I don’t know what questions to ask of my data
I know what I want to ask but don’t know how to get the answers
Geospatial / Location
I know how to get the answer but my analysis runs out of memory
My Analytics Are Becoming More Difficult Because of the Variety
and Types of Data Sources (Not Just the Volume)
Data Variety Is Proving to Be
More Important Than Volume
Paradigm4 Data Scientist Survey 5
The trend toward hyper-personalization and precision targeting illustrates this well.
Recommendations, search results and ads are becoming ever more relevant and micro-targeted
as they tap more and diverse data like social networks, current location, and browsing and
purchasing history. Personalized insurance offerings are augmenting sensor data about driver
providers are gaining a more refined understanding of what works for whom by integrating
molecular data with clinical, behavioral, electronic health records and environmental data. But
the ability to use diverse data types poses a serious challenge. (For more on this topic, see, “Big
Data at Work: Dispelling the Myths, Uncovering the Opportunities,” by Thomas Davenport,
Chapter 1: “Why Big Data is Important to you and your Organization.”)
What It Means:
The ability to effectively use diverse data sources is proving to
be a competitive differentiator in many industries.
Paradigm4 Data Scientist Survey 6
Data Scientists Are Turning to Complex
Analytics to Analyze Their Big Data
When will your company begin to use complex
analytics on your Big Data?
e use it now
the next 3 years
3 years down
No plans to use com
the next 2 years
The point is not to be dazzled by the volume of data,
but rather to analyze it — to convert it into insights,
innovations, and business value.
— Thomas Davenport, “Big Data at Work: Dispelling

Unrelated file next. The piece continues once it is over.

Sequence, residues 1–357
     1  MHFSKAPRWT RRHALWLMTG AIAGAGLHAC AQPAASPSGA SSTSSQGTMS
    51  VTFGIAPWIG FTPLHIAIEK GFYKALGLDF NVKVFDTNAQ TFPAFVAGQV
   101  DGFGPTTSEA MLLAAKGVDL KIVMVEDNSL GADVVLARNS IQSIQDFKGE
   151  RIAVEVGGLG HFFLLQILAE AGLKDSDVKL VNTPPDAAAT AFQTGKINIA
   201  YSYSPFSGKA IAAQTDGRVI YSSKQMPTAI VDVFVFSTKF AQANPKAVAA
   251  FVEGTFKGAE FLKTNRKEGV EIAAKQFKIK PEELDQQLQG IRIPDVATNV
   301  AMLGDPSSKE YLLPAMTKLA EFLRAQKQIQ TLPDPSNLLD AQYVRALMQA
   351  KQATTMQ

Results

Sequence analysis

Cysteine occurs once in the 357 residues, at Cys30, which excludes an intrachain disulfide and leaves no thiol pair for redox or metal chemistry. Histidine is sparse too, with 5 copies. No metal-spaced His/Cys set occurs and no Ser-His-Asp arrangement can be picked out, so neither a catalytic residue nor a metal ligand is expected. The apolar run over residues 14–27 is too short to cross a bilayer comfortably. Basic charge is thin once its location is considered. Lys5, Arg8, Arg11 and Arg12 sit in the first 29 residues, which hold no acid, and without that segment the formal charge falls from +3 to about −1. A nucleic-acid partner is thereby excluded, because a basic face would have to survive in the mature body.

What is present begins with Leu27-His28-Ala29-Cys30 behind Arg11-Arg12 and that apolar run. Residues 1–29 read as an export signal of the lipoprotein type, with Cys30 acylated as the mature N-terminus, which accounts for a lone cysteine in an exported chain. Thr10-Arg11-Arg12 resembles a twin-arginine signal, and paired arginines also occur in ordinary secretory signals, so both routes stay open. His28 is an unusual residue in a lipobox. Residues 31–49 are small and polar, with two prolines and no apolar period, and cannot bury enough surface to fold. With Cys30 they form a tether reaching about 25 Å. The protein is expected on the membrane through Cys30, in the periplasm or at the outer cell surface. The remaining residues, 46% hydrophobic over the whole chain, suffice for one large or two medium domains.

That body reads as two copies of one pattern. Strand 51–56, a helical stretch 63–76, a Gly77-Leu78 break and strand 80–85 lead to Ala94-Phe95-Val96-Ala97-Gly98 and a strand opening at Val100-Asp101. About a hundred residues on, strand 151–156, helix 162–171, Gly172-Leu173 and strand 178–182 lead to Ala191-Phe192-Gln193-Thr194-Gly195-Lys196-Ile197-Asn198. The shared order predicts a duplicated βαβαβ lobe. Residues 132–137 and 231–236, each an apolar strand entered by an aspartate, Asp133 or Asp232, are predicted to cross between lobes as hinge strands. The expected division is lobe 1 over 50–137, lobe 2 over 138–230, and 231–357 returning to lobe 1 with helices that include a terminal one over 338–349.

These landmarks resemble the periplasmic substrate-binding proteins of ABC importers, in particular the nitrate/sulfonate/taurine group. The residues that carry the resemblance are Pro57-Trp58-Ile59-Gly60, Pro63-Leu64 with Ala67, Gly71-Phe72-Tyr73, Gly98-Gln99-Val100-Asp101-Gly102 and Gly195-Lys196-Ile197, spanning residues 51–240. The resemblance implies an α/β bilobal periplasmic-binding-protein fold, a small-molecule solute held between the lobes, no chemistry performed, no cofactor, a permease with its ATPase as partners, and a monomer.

the Myths, Uncovering the Opportunities,” page 2.
Paradigm4 Data Scientist Survey 7
Many new analytical uses require significantly more powerful algorithms and computational
approaches than what’s possible in Hadoop or relational databases. Data scientists increasingly
need to leverage all data sources in novel ways, using tools and analytical infrastructures suitable
for the task. As we have already seen in this survey, organizations are moving from simple SQL
aggregates and summary statistics to next-generation analytics such as machine learning,
clustering, correlation, and principal components analysis on moderately sized data sets. The
move from simple to complex analytics on Big Data presages an emerging need for analytics
that scale beyond single server memory limits and handle sparsity, missing values and mixed
sampling frequencies appropriately. These complex analytics methods can also provide data
scientists with unsupervised and assumption-free approaches, letting all the data speak for itself.
What It Means:
The “low hanging fruit” of Big Data has been exploited.
Paradigm4 Data Scientist Survey 8
Data scientists face another growing challenge: conventional analytic workflows require them to move data
to mathematical and statistical computing software. This workflow made sense with small or sampled data
but is either woefully inefficient or breaks with even moderately large data volumes.
of data scientists utilize software capable of
complex analytics in addition to their data
of data scientists say it takes too long to get
insights from their data because it is too
big to move to their analytics software
Moving Big Data Poses Difficult
Challenges to Data Scientists
Paradigm4 Data Scientist Survey 9
This forces data scientists to make compromises, analyzing samples instead of the whole
data set, leaving data and money on the table. Data scientists risk missing rare events, weak
signals or important anomalies when restricted to working with samples or computing on
subsets independently. (For more on this topic, see “Scaling Big Data Mining Infrastructure:
The Twitter Experience,” by Twitter Engineering Manager Dmitriy Ryaboy and University of
Maryland Associate Professor Jimmy Lin). What’s needed are tools capable of conducting
complex analytics over massive data volumes efficiently — without sampling and without
moving the data.
What It Means:
The size and diversity of today’s data sets pose a significant hurdle
to doing more sophisticated analytics because so much time is lost
moving data from files or from a database to analysis tools.
Paradigm4 Data Scientist Survey 10
While the Hadoop software platform garners significant media attention, Hadoop is not a viable solution
for many use cases, especially those that require complex analytics. Fewer than half of data scientists
surveyed (48 percent) have used Hadoop or SPARK — and of those, 76 percent cited significant limitations
to its use.
Hadoop Only Takes You So Far
From the 76% reporting problems, what are the limitations of Hadoop / SPARK?